It can be difficult to talk about feeling lonely, especially if you are feeling isolated from those around you. However, speaking about what you’re going through can make a difference, and help you to feel more connected.
If there is someone in your life that you trust, try to reach out to them and share how you’re feeling. You could meet for an activity, such as going for a walk or doing something creative, to help you feel more at ease.
Not everyone has someone they feel comfortable talking to, and that’s OK. If you don’t know who you can turn to, speak to your GP and they can help you find local support groups or other services that may be helpful.
Feeling lonely is understandable, especially if you feel like the people in your life don’t share similar interests to you, or you feel different due to how you identify.
There are a wide range of groups that support specific communities (such as LGBTQ+) or focus on a particular interest where you can socialise with like-minded people. These groups can involve meeting in person, or may take place online.
If you live in a more remote location or travelling is difficult for you (e.g. due to Coronavirus restrictions), there are many ways to connect with groups online. You could talk to new people through social media by joining a Facebook group for something you are interested in, or places such as Sussex Recovery College run free, short courses that can introduce you to new people and topics.
Another way of reaching out within your local community is through ‘social prescribing’, which refers to accessing groups to improve your mental health. This could involve park runs, yoga, art, music, or lots of other activities. You can find out more by speaking to your GP or looking online to see if this is available in your local area.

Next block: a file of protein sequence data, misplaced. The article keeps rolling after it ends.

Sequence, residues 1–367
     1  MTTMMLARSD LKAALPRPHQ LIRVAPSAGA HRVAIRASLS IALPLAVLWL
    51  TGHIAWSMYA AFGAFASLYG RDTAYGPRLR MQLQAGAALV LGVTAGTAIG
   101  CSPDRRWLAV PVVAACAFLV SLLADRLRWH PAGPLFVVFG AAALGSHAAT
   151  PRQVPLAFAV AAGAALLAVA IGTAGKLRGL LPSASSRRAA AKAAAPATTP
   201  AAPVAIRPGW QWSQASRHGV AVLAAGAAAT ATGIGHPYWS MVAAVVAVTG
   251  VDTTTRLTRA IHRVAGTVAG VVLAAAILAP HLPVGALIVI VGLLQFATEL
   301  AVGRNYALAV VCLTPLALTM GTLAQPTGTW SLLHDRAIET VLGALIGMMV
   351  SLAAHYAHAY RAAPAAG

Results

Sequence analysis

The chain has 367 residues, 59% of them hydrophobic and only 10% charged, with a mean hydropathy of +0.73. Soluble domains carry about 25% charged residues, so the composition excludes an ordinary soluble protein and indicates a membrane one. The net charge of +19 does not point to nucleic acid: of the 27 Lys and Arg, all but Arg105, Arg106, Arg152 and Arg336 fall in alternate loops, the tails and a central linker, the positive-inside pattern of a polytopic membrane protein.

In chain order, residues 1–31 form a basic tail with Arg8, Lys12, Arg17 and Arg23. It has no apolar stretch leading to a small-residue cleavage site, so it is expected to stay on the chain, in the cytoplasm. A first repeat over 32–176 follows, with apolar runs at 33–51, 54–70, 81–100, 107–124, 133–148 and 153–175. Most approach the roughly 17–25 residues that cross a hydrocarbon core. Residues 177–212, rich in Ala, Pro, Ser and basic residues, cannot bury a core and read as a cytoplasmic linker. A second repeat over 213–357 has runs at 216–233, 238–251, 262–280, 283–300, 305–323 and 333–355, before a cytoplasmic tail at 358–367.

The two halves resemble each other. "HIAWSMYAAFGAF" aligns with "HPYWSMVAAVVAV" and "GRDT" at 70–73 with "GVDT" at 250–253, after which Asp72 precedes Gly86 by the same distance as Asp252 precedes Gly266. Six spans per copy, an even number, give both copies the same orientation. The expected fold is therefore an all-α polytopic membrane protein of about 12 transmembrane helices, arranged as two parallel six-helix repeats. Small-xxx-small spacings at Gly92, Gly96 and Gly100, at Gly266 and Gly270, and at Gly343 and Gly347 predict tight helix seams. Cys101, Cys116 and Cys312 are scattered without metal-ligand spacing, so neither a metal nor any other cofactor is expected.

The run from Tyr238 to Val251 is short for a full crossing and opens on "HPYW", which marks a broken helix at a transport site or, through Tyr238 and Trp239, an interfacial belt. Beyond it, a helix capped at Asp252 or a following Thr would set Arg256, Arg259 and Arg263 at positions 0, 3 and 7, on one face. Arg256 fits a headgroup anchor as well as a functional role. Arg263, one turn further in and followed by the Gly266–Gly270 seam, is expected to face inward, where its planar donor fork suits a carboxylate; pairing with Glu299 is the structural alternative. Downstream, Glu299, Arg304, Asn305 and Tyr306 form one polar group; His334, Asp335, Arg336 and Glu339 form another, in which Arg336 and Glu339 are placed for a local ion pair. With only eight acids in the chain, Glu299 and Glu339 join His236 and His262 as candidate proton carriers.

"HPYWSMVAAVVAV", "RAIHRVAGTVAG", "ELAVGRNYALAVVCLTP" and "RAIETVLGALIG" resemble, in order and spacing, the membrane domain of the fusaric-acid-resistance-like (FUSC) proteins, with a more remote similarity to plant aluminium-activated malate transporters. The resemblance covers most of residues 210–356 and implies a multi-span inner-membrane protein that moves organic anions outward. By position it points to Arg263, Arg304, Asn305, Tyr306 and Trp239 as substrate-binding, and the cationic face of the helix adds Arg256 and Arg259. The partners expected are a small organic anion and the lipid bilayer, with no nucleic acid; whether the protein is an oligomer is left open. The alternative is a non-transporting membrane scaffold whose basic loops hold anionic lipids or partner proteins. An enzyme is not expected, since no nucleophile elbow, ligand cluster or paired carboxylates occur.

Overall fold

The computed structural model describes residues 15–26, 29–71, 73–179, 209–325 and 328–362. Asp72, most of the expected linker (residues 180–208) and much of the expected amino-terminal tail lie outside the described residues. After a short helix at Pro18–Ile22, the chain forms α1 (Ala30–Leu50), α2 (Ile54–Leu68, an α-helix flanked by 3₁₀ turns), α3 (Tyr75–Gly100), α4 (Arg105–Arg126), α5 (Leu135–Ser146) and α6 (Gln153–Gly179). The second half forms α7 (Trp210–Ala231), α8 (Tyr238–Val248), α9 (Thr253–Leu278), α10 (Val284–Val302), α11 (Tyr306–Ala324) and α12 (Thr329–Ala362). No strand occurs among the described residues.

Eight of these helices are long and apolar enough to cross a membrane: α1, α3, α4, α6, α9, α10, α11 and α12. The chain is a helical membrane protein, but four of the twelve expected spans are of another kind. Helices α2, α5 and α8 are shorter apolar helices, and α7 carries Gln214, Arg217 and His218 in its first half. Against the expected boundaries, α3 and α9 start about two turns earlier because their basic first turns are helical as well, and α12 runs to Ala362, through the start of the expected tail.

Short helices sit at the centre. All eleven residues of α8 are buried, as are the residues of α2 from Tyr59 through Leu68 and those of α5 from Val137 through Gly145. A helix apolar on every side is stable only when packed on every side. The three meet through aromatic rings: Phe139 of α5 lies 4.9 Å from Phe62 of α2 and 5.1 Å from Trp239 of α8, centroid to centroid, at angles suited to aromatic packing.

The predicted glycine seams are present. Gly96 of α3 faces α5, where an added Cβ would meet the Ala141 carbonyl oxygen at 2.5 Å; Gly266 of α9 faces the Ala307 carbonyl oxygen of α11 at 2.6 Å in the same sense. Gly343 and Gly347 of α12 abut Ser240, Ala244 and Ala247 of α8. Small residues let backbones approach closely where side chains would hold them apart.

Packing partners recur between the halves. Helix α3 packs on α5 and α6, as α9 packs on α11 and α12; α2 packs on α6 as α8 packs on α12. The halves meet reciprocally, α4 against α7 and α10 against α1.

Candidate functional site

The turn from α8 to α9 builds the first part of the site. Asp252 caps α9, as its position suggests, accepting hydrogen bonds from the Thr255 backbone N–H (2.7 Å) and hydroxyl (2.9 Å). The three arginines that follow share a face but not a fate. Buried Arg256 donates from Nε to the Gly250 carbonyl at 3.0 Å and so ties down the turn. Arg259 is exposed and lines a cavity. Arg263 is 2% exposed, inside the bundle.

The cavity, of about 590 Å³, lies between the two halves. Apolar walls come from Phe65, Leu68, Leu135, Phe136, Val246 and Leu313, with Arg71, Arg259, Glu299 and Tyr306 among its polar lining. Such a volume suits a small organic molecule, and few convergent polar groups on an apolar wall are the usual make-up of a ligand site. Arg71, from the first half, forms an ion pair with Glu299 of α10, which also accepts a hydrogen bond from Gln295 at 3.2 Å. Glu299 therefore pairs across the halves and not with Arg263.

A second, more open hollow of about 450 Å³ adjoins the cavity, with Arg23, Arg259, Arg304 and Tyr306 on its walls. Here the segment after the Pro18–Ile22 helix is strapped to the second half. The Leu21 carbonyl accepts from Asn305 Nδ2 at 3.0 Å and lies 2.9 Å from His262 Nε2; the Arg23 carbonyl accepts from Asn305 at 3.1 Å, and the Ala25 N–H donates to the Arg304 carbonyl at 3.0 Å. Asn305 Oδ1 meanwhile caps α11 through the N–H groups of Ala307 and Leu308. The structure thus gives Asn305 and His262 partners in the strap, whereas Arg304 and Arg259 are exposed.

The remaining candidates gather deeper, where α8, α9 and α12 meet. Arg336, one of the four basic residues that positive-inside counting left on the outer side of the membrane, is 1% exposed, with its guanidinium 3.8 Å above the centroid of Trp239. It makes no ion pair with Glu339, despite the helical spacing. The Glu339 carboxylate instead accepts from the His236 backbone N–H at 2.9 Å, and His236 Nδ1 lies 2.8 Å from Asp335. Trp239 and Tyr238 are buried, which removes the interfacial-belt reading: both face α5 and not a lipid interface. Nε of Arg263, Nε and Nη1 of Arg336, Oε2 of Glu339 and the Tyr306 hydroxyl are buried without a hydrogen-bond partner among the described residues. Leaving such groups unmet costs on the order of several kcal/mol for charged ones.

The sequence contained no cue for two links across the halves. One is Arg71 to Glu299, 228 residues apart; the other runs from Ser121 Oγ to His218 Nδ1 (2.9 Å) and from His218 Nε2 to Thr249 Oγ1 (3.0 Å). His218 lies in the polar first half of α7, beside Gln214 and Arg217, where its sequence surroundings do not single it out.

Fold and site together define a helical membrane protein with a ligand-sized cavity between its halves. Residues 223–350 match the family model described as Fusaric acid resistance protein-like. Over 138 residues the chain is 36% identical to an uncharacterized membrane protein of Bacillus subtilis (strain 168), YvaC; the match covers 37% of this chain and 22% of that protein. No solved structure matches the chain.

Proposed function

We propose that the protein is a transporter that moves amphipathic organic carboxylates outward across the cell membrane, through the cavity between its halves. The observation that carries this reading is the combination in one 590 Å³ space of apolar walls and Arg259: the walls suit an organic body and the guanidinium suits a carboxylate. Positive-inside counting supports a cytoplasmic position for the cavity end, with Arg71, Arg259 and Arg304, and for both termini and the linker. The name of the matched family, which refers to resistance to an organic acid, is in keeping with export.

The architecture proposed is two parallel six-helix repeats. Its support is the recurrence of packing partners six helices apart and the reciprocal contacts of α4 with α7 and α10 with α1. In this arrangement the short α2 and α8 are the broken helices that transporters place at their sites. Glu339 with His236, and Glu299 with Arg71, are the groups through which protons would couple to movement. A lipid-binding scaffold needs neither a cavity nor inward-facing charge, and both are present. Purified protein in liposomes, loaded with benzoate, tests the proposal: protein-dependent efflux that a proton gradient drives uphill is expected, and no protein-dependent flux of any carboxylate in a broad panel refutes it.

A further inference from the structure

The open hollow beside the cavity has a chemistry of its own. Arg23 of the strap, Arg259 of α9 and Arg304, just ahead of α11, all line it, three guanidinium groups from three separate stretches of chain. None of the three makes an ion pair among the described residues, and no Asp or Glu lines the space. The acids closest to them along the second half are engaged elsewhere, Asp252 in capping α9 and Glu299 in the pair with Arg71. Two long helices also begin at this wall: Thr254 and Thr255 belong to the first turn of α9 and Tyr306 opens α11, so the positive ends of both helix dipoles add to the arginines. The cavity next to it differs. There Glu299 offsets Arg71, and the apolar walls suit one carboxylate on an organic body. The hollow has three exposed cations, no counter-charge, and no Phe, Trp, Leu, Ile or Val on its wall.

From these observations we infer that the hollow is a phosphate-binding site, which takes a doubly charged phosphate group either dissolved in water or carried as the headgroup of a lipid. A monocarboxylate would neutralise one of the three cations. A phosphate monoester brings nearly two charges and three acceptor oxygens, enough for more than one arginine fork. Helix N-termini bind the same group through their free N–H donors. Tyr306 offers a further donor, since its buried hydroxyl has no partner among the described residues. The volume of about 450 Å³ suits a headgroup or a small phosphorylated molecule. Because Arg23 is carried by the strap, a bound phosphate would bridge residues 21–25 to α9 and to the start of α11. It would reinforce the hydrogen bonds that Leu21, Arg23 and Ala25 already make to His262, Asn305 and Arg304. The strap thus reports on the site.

Social media is a part of everyday life for many of us now, and it’s common for people to only show the positive parts of their lives online. Because of this, it can feel like everyone else is doing great, while you are the only person struggling.
Comparing your life to others can be unhelpful, especially if this is based on what people are posting on their social media accounts. Try to remind yourself that social media posts are often not a real reflection of someone’s whole life, and it doesn’t show how they are feeling all the time.
If you find yourself feeling overwhelmed while you’re online, try to have regular social media breaks. Giving yourself space from social media content can help you feel more grounded and focused on your own wants and needs.
Loneliness can lead to developing negative thought patterns, which can affect your self-esteem and mood. It’s important to be kind to yourself, especially when you feel lonely; practising self-care and doing things that you enjoy can boost your confidence and help you feel more connected to yourself and others.
Eating regularly – When you feel lonely you may experience a change in appetite, but it’s important to feed your body as this will improve your energy levels and help you feel better.
Going outdoors – Try to find time in the day to go for a short walk, sit somewhere outdoors while listening to a podcast or reading a book, or do an exercise you enjoy outside.
Sleeping – You may be finding it hard to sleep if your loneliness is making you feel anxious or overwhelmed, and you can find tips for sleeping better here. If this is becoming a problem for you, your GP can suggest ways to improve your ‘sleep hygiene’ or they can discuss medication if appropriate.
Stay away from substances – Although these may seem helpful at first, using drugs and alcohol to cope with loneliness will likely make you feel worse in the long run. If you are concerned about your drug or alcohol consumption, you can find further support here.